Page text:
The New Way Of The Spirit

Moe Bergeron, Publisher CMC
Or do you not know, brothers —for I am speaking to those who know the law—that the law is binding on a person only as long as he lives? 2 For a married woman is bound by law to her husband while he lives, but if her husband dies she is released from the law of marriage. 3 Accordingly, she will be called an adulteress if she lives with another man while her husband is alive. But if her husband dies, she is free from that law, and if she marries another man she is not an adulteress.
4 Likewise, my brothers, you also have died to the law through the body of Christ, so that you may belong to another, to him who has been raised from the dead, in order that we may bear fruit for God. 5 For while we were living in the flesh, our sinful passions, aroused by the law, were at work in our members to bear fruit for death. 6 But now we are released from the law, having died to that which held us captive, so that we serve in the new way of the Spirit and not in the old way of the written code. (Romans 7:1-6 ESV)

Paul’s Analogy

In Romans 7:1-6 the apostle Paul uses the analogy of a Jew who was covenanted through marriage to the Law of Moses. Once the Jew’s spouse (the Law) has died the marriage covenant has come to an end. The widowed Jew is then free to enter into a new marriage covenant.
Paul goes on to explain that we have also died, through the body of Christ to the Law, so that “you might be joined to another, to Him who was raised from the dead, in order that we might bear fruit for God.”
Mark this well. The departed spouse was specifically, “that Law,” and the new spouse is specifically, “Him who was raised from the dead.”
Paul takes great care to not say the second marriage is to “the Law of Christ.” He could have said that but he did not say that. Why didn’t he? I believe it is simply because the union we have with the risen Christ cannot be reduced to the language of “law.” 
The union the saints of God enjoy is one of a wife to her beloved. It is a union rooted in the “newness of the Spirit and not the oldness of the letter.”

Now the Lord is the Spirit, and where the Spirit of the Lord is, there is freedom. (2 Corinthians 3:17 ESV)

The Christian’s union to Jesus Christ cannot be compared to mere law keeping. That would not do justice. Jesus Christ is the Word of God who was made flesh thus He transcends words printed on paper or etched in stone. As important are the words on the printed page they are limited. The can only draw a word picture. There is a day coming when God’s saints will see their Husband face to face.

Beloved, we are God’s children now, and what we will be has not yet appeared; but we know that when he appears we shall be like him, because we shall see him as he is. 3 And everyone who thus hopes in him purifies himself as he is pure. (1 John 3:2-3 ESV)

This new relationship, is truly a wedded union, of two hearts forever joined in marriage. Their hearts are bound together in love. The Bride’s desire is to please her husband. Within this blessed union the indicative and the imperative are joined together and given expression.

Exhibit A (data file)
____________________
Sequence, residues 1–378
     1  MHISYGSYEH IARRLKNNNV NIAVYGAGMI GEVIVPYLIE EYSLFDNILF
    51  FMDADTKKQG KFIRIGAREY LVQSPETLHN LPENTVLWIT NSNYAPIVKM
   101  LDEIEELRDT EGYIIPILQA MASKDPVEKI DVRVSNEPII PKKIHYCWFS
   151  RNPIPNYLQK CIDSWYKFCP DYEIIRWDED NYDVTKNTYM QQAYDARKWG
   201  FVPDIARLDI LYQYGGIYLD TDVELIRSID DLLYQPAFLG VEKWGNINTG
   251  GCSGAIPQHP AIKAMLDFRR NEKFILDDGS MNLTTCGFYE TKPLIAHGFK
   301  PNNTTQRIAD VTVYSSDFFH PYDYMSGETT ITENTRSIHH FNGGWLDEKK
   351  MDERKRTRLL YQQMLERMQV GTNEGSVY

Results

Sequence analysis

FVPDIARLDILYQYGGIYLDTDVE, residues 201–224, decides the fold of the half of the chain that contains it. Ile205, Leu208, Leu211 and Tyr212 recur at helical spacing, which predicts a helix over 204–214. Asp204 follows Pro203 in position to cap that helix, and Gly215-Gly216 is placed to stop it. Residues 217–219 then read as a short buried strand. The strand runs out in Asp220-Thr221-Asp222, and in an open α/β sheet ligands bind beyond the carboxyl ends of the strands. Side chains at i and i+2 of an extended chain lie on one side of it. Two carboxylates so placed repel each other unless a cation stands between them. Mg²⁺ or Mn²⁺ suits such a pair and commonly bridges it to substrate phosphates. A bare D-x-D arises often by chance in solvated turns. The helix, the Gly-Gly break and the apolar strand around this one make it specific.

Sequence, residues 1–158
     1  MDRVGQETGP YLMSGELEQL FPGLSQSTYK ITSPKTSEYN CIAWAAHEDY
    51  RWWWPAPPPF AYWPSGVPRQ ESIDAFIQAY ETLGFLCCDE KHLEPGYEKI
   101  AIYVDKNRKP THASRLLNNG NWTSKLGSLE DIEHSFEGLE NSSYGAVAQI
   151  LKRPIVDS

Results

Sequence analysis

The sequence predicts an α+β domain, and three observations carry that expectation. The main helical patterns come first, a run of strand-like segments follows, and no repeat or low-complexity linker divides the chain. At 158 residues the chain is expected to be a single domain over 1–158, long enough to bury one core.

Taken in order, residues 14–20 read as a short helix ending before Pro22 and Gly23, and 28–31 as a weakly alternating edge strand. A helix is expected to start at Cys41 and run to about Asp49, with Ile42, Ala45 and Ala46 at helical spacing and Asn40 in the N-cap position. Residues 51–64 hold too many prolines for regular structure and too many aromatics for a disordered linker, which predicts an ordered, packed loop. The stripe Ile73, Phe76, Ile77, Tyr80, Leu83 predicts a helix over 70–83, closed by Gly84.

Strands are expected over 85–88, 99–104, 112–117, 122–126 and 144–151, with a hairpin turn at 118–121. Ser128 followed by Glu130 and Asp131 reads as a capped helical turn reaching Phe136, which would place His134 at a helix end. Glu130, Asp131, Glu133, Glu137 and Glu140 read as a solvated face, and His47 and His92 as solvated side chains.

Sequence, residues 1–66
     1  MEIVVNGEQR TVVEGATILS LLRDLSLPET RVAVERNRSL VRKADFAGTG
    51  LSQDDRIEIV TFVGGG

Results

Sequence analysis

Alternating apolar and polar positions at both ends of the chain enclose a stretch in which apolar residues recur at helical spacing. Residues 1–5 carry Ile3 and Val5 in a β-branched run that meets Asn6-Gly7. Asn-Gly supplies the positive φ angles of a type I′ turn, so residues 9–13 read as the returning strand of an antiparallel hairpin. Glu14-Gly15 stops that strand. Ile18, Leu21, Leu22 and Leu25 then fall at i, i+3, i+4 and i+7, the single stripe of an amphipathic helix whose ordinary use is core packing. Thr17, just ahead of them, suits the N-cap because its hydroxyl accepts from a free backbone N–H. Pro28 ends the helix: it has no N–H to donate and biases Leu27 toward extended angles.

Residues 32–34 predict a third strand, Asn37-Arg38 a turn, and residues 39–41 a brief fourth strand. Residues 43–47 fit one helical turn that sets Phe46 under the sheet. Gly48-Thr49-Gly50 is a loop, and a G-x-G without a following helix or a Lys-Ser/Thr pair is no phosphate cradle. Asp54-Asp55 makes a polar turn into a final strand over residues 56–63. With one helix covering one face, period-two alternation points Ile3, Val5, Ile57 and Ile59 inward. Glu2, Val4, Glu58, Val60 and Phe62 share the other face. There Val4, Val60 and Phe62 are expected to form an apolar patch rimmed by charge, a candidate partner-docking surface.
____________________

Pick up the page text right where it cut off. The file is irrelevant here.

Abide in me, and I in you. As the branch cannot bear fruit by itself, unless it abides in the vine, neither can you, unless you abide in me. (John 15:4 ESV)

Partakers of Christ

Charles Haddon Spurgeon put it so sweetly.

Every true child of God is one with Christ. This union is set forth in Scripture by several images, to which we will just refer, but upon none of which can we just now enlarge.
We are one with Christ and partakers of him as the stone is cemented to the foundation. It is built upon it, rests upon it, and, together with the foundation, goes to make up the structure. So we are built into Christ by coherence and adhesion, joined to him, and made a spiritual house for the habitation of God by the Holy Ghost.
We are made partakers with Christ by a union in which we lean and depend upon him. This union is further set forth by the vine and the branches. The branches are participators with the stem, the sap of the stem is for the branches. It treasures it up only to distribute it to them. It has no sap for itself alone, all its store of sap is for the branch. In like manner we are vitally one with Christ, and the grace that is in him is for us. It was given to him that he might distribute it to all his people.
Furthermore, it is as the union of the husband with the wife, they are participators the one with the other. All that belongs to the husband the wife enjoys and shares with him. Meanwhile she shares himself, nay, he is all her own. Thus it is with Christ. We are married unto him—betrothed unto him for ever in righteousness and in judgment, and all that he has is ours, and he himself is ours.
All his heart belongs to each one of us. And then, too, as the members of the body are one with the head, as they derive their guidance, their happiness, their existence from the head, so are we made partakers of Christ. Oh, matchless participation! It is “a great mystery” saith the apostle; and, indeed, such a mystery it is as they only know who experience it. Even they cannot understand it fully; far less can they hope to set it forth so that carnal minds shall comprehend its spiritual meaning.
The day cometh when we shall be partakers of Christ to the highest and uttermost degree that symbols can suggest, prophecy forestal, faith anticipate, or actual accomplishment bring to pass; for, albeit, though of all that our Lord Jesus Christ is in heaven we have a reversionary interest to-day by faith, we shall have a share in it by actual participation ere long.[1]

Passages to Consider